Remember, memory is a selective bastard.
I was an isolated child whose only comfort, and education, were books.
Last night I dreamt I was riding a bike near my childhood home with a few friends, whose names I’ve long forgotten. We came upon the house where my brother and I grew up and saw it was being completely rehabbed. We stopped to talk to a man who was trimming the bushes and I explained my family had owned the house for nearly 30 years and could we see it? The flamboyant man said, “Obviously not.” with no other explanation. We peeked through the windows where remarkable transformations were taking place inside.
I was in awe.
The house was a farmhouse, built in the 1860s, with two additions. The garage was a freestanding barn with a hayloft. The dream owners had completely overhauled every nook and corner so that nothing of what we had remembered as children was still there.
As we biked away, I noticed one of my boots were tearing (dreams are good reminders of things you need to pick up if you have forgotten. In this case: boots) and thoughts spun around to when I was living in that house and how I used to entertain myself.
(This next part is not a dream.)
These thoughts spun back to other times I was alone, which seemed like always. There is me sitting on the back steps watching the stars shoot by, hoping to be an astronaut one day or there is me playing basketball with myself. There is me eating rainbow pops with my grandpop while we listened to the Tigers on the AM radio. During the summer months, I would drag every item I could onto the L-shaped porch and create my own home, only to have to drag it all back inside as the sun went down. I would take a lunch and bike down to the library, grab some books, and then bike over to the secluded areas near the river to eat and read.
I don’t recall anyone asking where I was for all the times I was gone or why I kept dragging my things outside. There is me and almost never an us.
There is no existence of pictures of me with some other child and rarely with my brother or cousins. True fact.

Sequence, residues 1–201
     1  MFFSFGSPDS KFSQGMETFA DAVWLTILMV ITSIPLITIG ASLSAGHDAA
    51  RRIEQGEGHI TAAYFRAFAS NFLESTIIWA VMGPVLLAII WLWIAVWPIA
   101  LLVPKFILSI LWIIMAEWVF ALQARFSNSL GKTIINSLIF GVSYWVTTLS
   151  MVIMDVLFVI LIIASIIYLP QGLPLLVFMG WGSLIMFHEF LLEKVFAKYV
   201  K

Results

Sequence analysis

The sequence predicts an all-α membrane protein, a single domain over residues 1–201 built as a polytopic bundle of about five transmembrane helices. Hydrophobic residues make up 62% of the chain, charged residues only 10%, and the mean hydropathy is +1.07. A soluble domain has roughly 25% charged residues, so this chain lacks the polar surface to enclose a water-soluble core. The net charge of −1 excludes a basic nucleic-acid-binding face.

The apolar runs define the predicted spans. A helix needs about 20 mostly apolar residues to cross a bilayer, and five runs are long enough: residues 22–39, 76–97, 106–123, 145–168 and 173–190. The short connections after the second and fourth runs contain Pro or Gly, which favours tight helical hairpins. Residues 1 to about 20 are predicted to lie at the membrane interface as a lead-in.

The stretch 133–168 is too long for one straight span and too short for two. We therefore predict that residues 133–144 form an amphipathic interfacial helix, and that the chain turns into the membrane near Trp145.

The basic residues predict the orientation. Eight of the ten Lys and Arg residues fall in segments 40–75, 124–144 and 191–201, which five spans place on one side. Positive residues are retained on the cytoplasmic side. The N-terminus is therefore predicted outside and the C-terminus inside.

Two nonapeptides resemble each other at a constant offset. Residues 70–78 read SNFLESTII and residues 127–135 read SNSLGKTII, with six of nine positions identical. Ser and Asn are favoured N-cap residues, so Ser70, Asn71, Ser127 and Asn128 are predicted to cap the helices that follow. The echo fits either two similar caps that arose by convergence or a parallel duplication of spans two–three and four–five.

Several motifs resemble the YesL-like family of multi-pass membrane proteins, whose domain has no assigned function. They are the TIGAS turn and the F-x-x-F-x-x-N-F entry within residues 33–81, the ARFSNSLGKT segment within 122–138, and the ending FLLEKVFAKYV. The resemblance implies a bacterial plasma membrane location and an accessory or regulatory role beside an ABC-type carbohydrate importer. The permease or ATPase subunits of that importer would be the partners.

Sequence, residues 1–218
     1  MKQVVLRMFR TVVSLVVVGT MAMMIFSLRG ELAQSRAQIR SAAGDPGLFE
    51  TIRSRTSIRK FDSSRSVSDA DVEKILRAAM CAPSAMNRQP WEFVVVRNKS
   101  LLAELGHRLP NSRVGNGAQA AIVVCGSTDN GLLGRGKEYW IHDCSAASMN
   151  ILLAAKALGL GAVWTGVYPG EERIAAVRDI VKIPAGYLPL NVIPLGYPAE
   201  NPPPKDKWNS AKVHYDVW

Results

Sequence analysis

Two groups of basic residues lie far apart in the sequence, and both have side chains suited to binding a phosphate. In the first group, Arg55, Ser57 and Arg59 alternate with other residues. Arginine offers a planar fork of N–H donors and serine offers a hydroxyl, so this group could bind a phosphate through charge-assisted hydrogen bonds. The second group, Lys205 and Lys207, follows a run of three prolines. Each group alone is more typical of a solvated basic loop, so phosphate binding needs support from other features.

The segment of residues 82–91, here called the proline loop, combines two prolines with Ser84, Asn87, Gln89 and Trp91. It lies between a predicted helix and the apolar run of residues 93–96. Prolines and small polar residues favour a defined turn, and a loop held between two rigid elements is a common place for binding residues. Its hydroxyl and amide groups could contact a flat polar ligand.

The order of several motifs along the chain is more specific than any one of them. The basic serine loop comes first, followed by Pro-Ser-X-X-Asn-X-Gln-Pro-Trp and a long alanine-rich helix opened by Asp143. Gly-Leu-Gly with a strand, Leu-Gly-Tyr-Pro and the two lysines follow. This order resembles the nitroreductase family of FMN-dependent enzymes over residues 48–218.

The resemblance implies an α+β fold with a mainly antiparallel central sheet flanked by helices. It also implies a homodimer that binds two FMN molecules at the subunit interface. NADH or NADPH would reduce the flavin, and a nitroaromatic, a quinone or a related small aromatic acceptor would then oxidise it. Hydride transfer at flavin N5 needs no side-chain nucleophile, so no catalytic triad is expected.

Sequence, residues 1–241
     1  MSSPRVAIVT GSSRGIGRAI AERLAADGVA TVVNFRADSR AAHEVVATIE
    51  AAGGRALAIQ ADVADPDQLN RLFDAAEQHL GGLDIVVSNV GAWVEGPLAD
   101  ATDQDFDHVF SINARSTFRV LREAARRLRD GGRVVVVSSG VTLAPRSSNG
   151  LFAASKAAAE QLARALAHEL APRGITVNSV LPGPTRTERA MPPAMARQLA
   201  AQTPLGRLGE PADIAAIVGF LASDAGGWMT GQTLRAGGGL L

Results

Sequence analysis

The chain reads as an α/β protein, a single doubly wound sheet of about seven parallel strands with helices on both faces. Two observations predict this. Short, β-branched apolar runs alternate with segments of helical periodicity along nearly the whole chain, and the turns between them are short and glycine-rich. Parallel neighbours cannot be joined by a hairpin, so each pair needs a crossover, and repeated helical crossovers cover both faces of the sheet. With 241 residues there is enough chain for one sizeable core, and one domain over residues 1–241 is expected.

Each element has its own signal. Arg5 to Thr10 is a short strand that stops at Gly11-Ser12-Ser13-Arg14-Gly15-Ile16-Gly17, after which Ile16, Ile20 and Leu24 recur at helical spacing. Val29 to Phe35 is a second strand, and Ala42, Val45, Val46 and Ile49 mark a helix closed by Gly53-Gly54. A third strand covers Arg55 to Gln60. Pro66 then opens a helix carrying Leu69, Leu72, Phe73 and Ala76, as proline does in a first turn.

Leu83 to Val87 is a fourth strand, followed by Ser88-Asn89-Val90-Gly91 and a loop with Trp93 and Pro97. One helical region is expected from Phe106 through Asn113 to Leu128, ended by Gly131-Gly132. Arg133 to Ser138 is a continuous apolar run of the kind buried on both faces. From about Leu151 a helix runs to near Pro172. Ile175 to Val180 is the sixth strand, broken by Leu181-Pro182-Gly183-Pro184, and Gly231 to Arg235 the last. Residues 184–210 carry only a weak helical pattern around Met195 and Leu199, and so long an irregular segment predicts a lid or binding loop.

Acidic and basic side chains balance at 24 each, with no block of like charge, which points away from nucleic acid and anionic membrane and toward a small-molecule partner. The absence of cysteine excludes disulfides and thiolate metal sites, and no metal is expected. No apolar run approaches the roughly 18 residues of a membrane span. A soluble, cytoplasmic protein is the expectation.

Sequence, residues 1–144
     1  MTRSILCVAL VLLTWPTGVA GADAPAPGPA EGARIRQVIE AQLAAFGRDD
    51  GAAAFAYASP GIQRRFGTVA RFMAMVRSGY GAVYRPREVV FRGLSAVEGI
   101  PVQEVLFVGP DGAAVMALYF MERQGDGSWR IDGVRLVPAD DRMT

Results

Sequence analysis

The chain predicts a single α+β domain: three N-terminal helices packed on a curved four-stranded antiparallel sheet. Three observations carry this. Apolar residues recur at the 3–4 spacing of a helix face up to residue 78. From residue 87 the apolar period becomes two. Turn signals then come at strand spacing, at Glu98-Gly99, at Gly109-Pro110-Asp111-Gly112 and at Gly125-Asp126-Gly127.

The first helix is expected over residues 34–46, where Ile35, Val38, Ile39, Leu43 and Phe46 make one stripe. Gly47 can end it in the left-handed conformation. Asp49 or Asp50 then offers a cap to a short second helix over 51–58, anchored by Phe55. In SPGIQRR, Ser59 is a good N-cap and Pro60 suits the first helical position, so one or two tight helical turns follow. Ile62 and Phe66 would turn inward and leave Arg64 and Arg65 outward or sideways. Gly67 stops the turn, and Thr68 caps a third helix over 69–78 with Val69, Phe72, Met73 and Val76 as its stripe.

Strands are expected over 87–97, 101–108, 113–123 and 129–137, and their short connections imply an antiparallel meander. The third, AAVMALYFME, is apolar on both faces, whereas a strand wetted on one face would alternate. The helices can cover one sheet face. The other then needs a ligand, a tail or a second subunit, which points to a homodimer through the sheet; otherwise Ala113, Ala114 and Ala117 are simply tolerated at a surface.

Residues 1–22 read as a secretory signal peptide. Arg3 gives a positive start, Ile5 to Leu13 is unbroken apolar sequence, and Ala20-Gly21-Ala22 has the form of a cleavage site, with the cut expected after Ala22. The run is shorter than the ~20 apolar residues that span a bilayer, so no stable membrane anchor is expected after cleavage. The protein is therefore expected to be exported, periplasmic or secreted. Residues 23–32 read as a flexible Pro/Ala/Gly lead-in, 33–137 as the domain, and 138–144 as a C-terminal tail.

Recently, two unconnected people said I was deeply isolated and desperately lonely, except I don’t see myself that way. It’s similar to when people discuss Father’s Day or grand family vacations or something else not in my world. I rarely knew my father, I’ve never been on a grand family vacation, and most of these synapses people form with their experiences were never in the cards for me. So I cannot see myself as being desperately lonely or deeply isolated because I cannot relate to these things others do. But when these connections are outside the realm of normalcy for them, it’s hard to understand someone who doesn’t discern your same faiths.
For all of my isolation growing up, my socialization and behavior came from books. This is how others interacted with others, so this is how I must interact with people. These traits are bad, because bad things eventually happen to them on page 237, so I must not do these things. This is how romantic relationships work, so I must wait for someone who exudes these traits before I can take them seriously (and YES, I was accused of reading too many romance novels because I wanted every man to be Mr. Darcy). This is how friends treat friends, daughters to mothers and brothers, lover to lover. Every. Idealization. Of. Social. Interaction came from books. Despite my large family, there was no one person around long enough to shower me with what would form my psyche. There was nothing and then, there is everything.
Being freed from societal expectations can be considered a gift. It gives me the perspective of outsider in on day to day interactions. It allows me to be seen and definitely not heard, and it allows me to interpret right from wrong on a cleaner basis because I have no influence (because we all know bad things happen in Act 2 or page 237). My moral compass is perhaps a little straighter and a bit more rigid than most.
It also allows me to travel without borders, without constraints, and without worry.
But it’s cyclic, for every experience shared alone, there is no one person waiting for me to come home, just like in my youth. There is no one person who is necessarily worried about me (i.e. there are those who love me, I know, but it’s not one specific person at home, knitting and wearing slippers in front of a fire, waiting for me).
Books taught me everything and with them, came unrealistic expectations and desires and this is one thing I’m very glad to have.
I’ve written of these things before; perhaps not as lucid but it has been said and will probably be said again. In order to grow, and to explore, we must challenge our boundaries and I’ll keep pushing until I feel that I am complete with that knowledge. But am I desperately lonely and largely isolated? Maybe. But if for all of this, I enjoy being me, why expect me to be anything else for that would alter the things you like about me? Would I be happier if I was part of a large social interactions, for I will not lie, there are times I long for such groups. And if I could change, be it my own happiness does mean it would preclude me from having large social interactions, why attempt to change the recipe?
As I was writing this, I was wondering if perhaps this growing up being socialized by books was perhaps the reason why my own books were stalling. Books gloss over everything in its pages and it’s difficult to write what you really do not know. I know what I would do but that would, perhaps, make for tepid reading.
Remember, memory is a selective bastard.